Starring: Dylan O’Brien, Aml Ameen, Ki Hong Lee, Blake Cooper, Thomas Brodie-Sangster, Will Poulter, Kaya Scodelario
Director: Wes Ball
Rating: 3.5 star
AMONG the rash of young-adult fictions based in dystopic worlds currently invading big screens, comes this unexpected surprise. More Lord of the Flies than Hunger Games, and a very far cry from The Giver, The Maze Runner comes in soberingly dark tones, backed by solid acting. With neither 3D nor special effects to distract attention, this tale about a group of boys stuck on a patch of grass enclosed by high stone walls is propelled solely by its story-telling.
Thomas (O’Brien) finds himself on that patch, called the Glade, one day when he wakes up inside a box. The perplexed 16-year-old remembers little of his previous life besides his name, even as the other boys fill him in on their life in the Glade. The box such as the one in which Thomas came delivers a boy every month to the Glade while every week food is sent up to them in it. In the three years since the Glade apparently came into being, numerous attempts have been made to cross those walls but no one has figured a way out of the Maze behind it. Many boys have lost their lives in the attempts, to creatures called the Grievers.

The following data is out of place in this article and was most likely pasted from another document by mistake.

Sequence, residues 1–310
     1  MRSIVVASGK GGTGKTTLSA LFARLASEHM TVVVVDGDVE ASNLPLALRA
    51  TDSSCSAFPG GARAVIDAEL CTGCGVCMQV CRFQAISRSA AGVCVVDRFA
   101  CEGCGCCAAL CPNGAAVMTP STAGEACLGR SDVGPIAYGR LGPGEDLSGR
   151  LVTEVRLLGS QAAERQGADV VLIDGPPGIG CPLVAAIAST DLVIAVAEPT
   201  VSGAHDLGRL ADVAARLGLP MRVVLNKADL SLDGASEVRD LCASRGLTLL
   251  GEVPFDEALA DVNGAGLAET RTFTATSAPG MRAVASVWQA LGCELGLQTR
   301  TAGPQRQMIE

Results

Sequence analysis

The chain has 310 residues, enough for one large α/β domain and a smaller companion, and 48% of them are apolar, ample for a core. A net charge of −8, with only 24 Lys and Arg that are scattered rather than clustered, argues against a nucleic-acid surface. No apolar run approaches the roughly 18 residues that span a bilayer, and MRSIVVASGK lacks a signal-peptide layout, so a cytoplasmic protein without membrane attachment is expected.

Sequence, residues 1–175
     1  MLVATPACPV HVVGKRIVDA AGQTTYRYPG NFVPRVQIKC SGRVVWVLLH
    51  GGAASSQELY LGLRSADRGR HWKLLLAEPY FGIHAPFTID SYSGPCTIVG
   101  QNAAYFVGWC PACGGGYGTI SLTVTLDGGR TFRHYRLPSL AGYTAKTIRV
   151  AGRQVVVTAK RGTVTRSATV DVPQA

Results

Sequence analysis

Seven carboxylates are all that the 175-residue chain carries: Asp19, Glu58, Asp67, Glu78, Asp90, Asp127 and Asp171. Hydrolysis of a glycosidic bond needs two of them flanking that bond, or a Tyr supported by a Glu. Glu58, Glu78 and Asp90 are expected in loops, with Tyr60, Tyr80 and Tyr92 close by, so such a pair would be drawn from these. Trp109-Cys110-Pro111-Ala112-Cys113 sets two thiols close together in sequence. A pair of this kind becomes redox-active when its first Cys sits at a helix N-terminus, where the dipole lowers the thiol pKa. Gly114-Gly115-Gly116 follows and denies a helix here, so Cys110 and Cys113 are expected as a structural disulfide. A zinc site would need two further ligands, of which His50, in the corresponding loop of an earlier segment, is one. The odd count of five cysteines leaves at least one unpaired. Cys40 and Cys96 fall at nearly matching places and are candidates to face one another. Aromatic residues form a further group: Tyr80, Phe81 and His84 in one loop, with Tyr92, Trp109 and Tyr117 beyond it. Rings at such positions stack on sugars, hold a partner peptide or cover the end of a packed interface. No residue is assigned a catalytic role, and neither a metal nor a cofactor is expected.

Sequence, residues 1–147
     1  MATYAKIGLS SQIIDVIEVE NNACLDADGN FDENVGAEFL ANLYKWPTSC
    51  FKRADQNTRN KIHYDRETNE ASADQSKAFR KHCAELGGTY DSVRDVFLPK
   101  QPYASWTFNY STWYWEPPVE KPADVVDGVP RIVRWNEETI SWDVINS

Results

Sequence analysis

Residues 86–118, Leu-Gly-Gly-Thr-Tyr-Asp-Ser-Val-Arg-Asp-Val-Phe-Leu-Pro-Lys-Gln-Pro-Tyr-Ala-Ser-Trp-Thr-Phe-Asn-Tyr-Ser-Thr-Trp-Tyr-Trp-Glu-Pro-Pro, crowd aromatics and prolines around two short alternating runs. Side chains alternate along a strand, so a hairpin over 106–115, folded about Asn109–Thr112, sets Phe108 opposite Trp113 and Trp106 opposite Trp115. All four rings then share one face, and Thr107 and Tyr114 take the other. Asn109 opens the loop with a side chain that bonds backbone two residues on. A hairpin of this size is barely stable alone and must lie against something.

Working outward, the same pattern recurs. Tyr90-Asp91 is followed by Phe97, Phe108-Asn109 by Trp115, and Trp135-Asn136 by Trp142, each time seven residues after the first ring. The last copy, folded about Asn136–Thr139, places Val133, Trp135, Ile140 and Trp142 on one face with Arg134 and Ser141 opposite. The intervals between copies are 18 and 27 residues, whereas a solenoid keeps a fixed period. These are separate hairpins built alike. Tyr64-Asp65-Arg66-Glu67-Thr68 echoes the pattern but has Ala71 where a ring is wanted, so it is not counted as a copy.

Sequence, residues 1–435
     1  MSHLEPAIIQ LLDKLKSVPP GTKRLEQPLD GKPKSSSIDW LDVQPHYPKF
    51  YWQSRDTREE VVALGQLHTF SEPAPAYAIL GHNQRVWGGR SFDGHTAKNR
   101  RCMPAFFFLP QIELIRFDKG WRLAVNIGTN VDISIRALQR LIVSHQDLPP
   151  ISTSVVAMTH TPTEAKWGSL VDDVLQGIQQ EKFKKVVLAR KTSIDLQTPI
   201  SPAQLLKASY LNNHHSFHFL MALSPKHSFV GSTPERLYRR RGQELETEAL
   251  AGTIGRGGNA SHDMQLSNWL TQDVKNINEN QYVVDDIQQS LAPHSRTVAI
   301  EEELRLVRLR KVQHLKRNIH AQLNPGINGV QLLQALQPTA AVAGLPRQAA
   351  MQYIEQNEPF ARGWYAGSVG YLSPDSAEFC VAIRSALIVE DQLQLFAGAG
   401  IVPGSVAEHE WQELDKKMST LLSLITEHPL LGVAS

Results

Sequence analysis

There are of course no surprises about where Thomas and the story go from here, even when the Glade gets its first girl, Teresa (Scodelario). Thomas and Teresa recognise each other, which is yet another clue that they are destined for bigger things.
There is no intermittent romance or harmless bantering in director Ball’s The Maze Runner, based on the first book of a trilogy by James Dashner. Instead, the much-too-young boys have to consistently deal with confounding problems and to find solutions with the limited resources available to them. The Grievers turn out to be little more than giant unwieldy spider-like things, and still there are some genuinely moving scenes of bravery as the boys fight back.
The tussles for leadership are without menace, and the conflicts arise from confusion rather than showmanship. Readers of the book have praised the film for being better than it, and there can be few greater compliments. However, Ball’s biggest achievement is letting us see the children at the heart of this coming-of-age story.